AUTHOR: Daisy Wallace

This week, we’ve spoken to Kailash Awati, who writes the project management blog Eight to Late, and who currently works for a pharmaceutical multinational where he manages information systems development for the Asia Pacific region.

Project management blogger Kailash Awati

In your current role what frustrates you the most?

"An information systems project typically involves diverse stakeholder groups, each with their own priorities and interests.

“Reconciling these can be difficult and frustrating at times”.


What training have you had as a project manager? How highly do you rate certification?

“I’ve done the standard PMI and PRINCE2 training.

“I think the main benefit of certifications is that they open doors as many employers value them”.


Your book The Heretic's Guide to Best Practices discusses collaborative approaches to managing complex problems in organisations - how important is collaborative project delivery?

“Large system projects involve many stakeholders and are therefore socially complex.

“This complexity is reflected in the difficulties that managers encounter when attempting to build a shared understanding of a project between all stakeholders, and, based on that, a shared commitment to a course of action.

“For such projects, collaborative approaches are the only way to go.

The Heretic’s Guide to Best Practices is largely about how one can create the right conditions for collaborative work in organisations.

“At the heart of the book lies the notion that rational dialogue - dialogue free from political and other constraints - is the best way to build a shared understanding of a project or any other initiative, and thus elicit a shared commitment to action.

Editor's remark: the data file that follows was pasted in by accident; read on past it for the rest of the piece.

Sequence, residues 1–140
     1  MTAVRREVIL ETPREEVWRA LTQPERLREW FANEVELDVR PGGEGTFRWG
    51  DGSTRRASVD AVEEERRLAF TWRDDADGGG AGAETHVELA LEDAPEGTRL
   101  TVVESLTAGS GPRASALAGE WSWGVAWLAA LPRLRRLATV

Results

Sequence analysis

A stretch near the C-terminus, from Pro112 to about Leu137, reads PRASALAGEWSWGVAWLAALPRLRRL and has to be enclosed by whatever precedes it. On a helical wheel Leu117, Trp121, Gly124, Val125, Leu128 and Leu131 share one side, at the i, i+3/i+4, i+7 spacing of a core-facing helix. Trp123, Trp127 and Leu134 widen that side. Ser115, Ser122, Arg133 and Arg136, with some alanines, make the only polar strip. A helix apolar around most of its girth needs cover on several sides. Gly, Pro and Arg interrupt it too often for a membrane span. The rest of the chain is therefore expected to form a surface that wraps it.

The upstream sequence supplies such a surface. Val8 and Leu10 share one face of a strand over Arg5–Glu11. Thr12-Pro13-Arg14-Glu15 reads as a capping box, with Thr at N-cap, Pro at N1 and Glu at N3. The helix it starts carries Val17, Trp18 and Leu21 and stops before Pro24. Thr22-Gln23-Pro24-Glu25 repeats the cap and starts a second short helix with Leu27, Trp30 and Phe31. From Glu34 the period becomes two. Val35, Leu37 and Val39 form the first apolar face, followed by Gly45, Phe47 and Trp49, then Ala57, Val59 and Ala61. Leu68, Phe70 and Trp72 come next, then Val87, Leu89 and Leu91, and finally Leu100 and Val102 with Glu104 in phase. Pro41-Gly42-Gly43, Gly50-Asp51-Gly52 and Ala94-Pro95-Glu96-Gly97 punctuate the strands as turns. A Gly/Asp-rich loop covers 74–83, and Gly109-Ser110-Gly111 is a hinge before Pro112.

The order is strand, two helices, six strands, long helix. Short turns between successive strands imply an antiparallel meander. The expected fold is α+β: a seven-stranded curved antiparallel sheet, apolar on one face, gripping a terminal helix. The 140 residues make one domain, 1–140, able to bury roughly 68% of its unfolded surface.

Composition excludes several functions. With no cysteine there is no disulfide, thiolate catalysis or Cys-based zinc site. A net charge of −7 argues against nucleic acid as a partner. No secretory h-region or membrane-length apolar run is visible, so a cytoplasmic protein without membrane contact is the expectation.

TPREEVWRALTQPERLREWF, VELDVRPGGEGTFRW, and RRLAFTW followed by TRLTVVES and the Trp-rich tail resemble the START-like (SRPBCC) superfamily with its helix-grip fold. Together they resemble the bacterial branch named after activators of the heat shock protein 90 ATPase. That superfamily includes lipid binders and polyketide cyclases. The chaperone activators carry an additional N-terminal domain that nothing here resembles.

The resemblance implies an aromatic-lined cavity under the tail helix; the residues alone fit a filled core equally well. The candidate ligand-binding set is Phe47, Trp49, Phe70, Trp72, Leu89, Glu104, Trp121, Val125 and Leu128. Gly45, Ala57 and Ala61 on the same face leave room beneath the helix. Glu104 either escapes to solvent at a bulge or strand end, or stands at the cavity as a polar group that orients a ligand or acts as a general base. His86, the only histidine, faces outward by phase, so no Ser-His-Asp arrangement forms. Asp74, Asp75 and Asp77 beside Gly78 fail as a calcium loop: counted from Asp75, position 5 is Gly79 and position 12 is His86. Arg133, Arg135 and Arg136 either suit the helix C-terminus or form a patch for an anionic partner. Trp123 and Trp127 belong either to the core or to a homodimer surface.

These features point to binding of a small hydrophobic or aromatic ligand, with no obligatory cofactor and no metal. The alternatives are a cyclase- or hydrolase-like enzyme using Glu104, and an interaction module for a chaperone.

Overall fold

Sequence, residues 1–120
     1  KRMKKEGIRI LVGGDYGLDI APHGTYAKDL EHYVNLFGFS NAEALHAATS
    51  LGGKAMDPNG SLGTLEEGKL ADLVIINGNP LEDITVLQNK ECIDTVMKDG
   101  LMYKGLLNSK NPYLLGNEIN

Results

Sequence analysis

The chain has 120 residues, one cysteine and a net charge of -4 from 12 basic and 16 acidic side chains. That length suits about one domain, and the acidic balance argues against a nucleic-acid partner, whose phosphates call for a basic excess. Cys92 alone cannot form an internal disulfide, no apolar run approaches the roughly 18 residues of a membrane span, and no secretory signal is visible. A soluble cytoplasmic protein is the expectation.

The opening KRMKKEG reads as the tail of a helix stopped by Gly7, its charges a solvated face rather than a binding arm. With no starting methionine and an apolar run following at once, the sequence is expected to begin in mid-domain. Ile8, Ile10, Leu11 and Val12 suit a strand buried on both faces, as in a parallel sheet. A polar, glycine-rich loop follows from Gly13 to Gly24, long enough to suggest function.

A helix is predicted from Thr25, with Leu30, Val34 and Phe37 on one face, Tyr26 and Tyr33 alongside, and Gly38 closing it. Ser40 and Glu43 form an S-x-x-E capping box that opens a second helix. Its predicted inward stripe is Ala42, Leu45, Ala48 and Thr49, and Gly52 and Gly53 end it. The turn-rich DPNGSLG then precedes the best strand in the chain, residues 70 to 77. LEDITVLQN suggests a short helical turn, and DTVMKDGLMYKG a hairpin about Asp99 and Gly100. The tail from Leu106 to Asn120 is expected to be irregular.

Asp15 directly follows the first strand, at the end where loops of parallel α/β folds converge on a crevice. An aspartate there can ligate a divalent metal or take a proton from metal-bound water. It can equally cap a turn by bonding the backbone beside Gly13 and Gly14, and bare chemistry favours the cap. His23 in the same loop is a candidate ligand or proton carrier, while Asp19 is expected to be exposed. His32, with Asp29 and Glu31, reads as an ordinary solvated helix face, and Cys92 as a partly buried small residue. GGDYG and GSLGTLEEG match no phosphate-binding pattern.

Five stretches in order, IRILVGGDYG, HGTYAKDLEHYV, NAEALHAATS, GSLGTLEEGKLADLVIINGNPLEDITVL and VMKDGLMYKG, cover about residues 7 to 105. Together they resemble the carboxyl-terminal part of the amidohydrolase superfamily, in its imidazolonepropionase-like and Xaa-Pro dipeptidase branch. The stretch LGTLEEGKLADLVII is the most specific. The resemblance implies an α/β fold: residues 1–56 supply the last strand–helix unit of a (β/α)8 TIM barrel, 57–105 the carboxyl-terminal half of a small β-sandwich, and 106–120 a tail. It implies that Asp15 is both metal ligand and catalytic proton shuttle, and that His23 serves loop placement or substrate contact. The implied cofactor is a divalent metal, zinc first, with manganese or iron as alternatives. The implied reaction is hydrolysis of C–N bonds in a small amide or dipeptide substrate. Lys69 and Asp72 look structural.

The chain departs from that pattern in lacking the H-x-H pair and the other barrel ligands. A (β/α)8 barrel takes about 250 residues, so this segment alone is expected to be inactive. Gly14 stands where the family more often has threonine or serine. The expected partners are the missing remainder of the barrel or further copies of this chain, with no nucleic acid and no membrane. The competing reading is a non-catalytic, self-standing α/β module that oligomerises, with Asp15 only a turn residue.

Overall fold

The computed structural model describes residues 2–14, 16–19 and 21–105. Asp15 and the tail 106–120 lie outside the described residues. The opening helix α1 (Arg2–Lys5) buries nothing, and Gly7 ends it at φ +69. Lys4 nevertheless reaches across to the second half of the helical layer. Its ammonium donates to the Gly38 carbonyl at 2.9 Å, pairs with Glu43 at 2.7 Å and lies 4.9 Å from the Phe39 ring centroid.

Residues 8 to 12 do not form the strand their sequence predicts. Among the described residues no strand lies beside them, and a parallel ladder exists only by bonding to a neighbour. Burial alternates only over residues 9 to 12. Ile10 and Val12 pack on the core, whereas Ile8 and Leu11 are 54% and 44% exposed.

“Among many other things, the book elaborates on the concept of rational dialogue and provides a number of practical ways in which one can achieve it in organisational or project settings”.


What are the common project issues you come across whilst communicating with other project managers through your blog?

“Apart from social complexity, a couple of themes that seem to reoccur are risk and estimation.

“Although these are generally considered to be technical matters, some of the biggest challenges around them relate to issues such as politics and vested interests.

“A couple of examples:

“1. The risks associated with application outsourcing are often downplayed, especially when the focus is on reducing costs.

“2. Development teams are often pressured into lowering estimates to meet predetermined schedules or budgets.

“It is interesting to note, that the issues here are social rather than technical”.


If you could go back to the beginning of your career as a project manager, and offer yourself some key advice, what would it be?

“Pay as much attention to people as you would to processes and technology”.

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